The lifecycle of a secret — From creation, to use, to retirement, and everything in between
As organizations continue to embrace cloud-native architectures, managing their secrets becomes crucial. Think of it as a well-guarded vault in an action-packed heist movie. In the digital realm, that treasure is your sensitive information — API keys, programmatic passwords, and other data used to access critical systems and resources in the cloud. If these secrets fall into the wrong hands, it can be catastrophic.
This article explores the lifecycle of a secret, from creation to retirement, and the importance of secrets lifecycle management for organizations.
1. Creation of a secret
As we embark on our journey through the lifecycle of a secret, let’s start at the beginning — the creation of a secret.
Secrets come in various forms and are used for different purposes within an organization. Some common types of secrets include API keys, encryption keys, access tokens, connection-strings, and SSH keys. Creating foolproof security for secrets can get challenging due to human error, scalability issues, and the sheer complexity of cloud-native systems.
While it is important to have a system in place to overcome these challenges, here are a few best practices to keep in mind:
- Use automated tools for secrets management: Instead of manually copying and pasting secrets to a vault which can expose sensitive information, users should employ automated secrets management tools to securely transfer secrets to the desired vault or storage location. This minimizes the risk of accidental exposure.
- Avoid saving secrets in downloaded files: When cloud services and vaults offer the option to download a file containing a secret, users should avoid saving these files on their system as these endpoints can pose significant security risks, especially if the file is forgotten or misplaced. Instead, users should securely store secrets in a designated vault or secrets management system.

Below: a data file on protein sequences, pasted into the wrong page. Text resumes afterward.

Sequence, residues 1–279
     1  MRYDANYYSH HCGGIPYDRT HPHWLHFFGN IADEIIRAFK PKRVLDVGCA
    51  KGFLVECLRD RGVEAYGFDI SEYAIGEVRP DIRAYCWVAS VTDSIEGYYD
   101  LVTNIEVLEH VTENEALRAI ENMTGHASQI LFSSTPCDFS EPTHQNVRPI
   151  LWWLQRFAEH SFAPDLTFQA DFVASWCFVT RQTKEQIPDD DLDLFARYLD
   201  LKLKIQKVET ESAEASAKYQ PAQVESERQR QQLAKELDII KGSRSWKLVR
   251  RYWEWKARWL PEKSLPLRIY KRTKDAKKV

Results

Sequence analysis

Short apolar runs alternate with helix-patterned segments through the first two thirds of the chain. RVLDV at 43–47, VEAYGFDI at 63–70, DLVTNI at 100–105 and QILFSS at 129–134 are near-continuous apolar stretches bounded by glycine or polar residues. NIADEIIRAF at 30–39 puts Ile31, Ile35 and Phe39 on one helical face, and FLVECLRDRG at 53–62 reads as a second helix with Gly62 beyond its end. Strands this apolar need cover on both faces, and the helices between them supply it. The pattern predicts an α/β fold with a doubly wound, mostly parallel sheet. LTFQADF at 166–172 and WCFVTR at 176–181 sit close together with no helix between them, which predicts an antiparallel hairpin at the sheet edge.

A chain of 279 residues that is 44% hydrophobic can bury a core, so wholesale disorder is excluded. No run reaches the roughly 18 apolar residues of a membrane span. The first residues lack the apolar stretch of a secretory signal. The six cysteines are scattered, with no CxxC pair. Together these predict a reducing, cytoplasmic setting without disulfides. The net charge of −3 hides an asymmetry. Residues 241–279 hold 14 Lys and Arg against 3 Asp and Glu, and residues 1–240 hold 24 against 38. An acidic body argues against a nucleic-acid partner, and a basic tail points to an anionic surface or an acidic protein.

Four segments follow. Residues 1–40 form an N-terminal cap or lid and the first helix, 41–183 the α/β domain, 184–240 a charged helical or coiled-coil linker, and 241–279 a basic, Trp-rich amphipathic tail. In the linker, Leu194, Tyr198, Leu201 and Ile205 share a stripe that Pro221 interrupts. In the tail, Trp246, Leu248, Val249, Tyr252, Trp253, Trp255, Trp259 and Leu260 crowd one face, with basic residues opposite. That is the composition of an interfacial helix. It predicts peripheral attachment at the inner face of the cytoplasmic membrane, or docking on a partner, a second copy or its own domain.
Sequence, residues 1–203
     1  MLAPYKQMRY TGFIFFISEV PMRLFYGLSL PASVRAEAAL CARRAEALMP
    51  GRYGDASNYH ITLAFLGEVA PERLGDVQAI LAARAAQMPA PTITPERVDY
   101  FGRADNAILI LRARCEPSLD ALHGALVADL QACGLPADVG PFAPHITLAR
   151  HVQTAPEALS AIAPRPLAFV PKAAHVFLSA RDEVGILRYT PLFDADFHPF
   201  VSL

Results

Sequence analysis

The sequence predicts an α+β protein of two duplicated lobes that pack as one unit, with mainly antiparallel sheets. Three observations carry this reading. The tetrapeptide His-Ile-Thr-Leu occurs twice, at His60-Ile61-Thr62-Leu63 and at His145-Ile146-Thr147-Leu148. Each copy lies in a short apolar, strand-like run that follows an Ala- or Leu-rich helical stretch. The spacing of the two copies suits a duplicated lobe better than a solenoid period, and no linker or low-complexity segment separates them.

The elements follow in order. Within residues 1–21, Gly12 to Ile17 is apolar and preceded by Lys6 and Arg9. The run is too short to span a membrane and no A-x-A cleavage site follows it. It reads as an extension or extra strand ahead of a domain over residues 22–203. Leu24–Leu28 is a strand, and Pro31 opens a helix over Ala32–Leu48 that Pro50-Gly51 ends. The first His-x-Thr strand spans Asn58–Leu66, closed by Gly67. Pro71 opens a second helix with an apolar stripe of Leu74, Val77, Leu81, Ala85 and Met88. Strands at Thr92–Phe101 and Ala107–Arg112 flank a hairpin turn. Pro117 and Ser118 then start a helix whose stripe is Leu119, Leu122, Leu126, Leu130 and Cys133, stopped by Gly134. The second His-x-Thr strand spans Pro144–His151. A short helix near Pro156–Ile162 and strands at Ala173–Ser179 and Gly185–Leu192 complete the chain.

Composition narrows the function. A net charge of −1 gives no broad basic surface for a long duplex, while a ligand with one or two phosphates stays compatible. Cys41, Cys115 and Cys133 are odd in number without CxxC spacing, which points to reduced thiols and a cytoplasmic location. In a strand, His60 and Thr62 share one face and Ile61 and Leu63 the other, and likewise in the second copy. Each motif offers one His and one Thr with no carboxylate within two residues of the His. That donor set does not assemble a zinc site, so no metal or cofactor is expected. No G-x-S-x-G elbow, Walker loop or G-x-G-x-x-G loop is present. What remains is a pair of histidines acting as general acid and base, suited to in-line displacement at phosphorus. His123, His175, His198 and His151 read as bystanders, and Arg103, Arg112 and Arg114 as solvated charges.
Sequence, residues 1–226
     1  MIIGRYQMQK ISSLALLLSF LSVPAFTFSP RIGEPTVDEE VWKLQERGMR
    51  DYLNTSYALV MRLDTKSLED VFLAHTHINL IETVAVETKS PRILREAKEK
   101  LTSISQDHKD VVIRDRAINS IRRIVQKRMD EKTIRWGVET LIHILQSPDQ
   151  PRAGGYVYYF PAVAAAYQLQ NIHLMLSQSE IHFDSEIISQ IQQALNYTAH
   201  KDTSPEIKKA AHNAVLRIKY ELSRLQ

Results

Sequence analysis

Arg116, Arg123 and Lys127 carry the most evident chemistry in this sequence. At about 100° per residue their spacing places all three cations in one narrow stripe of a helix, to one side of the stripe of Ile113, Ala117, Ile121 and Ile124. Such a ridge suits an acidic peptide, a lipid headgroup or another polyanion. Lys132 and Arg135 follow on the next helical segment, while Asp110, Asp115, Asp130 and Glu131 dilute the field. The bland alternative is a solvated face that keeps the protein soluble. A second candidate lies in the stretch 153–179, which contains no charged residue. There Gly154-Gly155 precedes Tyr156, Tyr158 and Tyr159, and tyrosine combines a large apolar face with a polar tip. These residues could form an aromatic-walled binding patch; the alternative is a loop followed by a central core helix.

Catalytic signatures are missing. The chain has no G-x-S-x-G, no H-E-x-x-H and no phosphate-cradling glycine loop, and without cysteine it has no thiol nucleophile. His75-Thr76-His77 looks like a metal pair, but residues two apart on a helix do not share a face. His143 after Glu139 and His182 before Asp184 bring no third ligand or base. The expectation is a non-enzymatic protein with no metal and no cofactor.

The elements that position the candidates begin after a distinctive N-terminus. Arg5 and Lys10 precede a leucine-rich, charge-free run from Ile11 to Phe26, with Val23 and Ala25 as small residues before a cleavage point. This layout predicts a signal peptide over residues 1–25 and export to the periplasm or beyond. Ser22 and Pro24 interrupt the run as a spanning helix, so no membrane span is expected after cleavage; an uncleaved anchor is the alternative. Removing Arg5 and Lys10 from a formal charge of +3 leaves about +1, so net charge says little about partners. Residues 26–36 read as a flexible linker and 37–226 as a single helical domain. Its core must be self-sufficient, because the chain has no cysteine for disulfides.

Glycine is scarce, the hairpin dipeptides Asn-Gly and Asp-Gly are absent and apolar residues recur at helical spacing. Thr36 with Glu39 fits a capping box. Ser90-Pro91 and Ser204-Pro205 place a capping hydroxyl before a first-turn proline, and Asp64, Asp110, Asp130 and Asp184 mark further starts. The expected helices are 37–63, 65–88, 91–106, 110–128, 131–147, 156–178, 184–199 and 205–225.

- Assign appropriate permissions to secrets: When creating secrets, it is essential to assign the correct level of permissions for authentication and access to the cloud service. Administrators should avoid over-provisioning privileges, as this can lead to security risks. Ideally, permissions should be set to the minimum required for the intended purpose and should be reviewed periodically to ensure they remain appropriate, and are revoked when not in use.
To simplify your secrets management process, try Entro. Entro’s centralized platform allows for the secure creation and management of secrets, ensuring that only authorized personnel can access and transmit secret keys across cloud resources and services.
2. Storage of a secret
Once a secret is created, the next crucial step is securely storing it. Here are the three most common practices of storage:
- Having encrypted storage systems or secret vaults, such as HashiCorp Vault, AWS Secrets Manager, or Azure Key Vault
- Using configuration files to store secrets, although this is generally less secure and not recommended
- Storing secrets as environment variables can provide a level of security, but they may still be exposed through logs or debugging tools and those secrets are very hard to manage
However, to secure secret storage, experts recommend a three-pronged approach — use a dedicated secret vault, encrypt secrets at rest, and implement access controls at all applicable entry points. Users should implement Entro as the platform that seamlessly integrates with these vaults and other secret locations to provide secure and organized management and protection of secrets, leveraging advanced unified management, protection and access control measures.
However, it’s important to dispel the myth that storing secrets in a vault automatically guarantees their safety. While vaults do provide storage like a database, they do not actively monitor the secrets within, making it crucial to implement additional security measures.
3. Use of a secret
Now that our secret is safely stored, the next step is utilization. The secure use of secrets is vital to prevent unauthorized access to sensitive resources and maintain the overall security posture of an organization.
To ensure you are using secrets securely, implement proper access controls, limit the use of secrets to necessary operations, and monitor for any suspicious activities.
One of the most common pitfalls we notice here is hard coding secrets in source code. Ensure your developers don’t do this or share secrets via insecure channels such as Slack or Confluence. To that end, Entro’s role-based access control and auditing functionalities track activities performed on secrets, ensuring secure usage while mitigating insider threats. While secret scanning tools can help detect exposed secrets in code, they don’t provide the context, such as what the secret secures, who has access to it, and how it’s being used. Entro uniquely offers this valuable contextual information, enhancing overall security.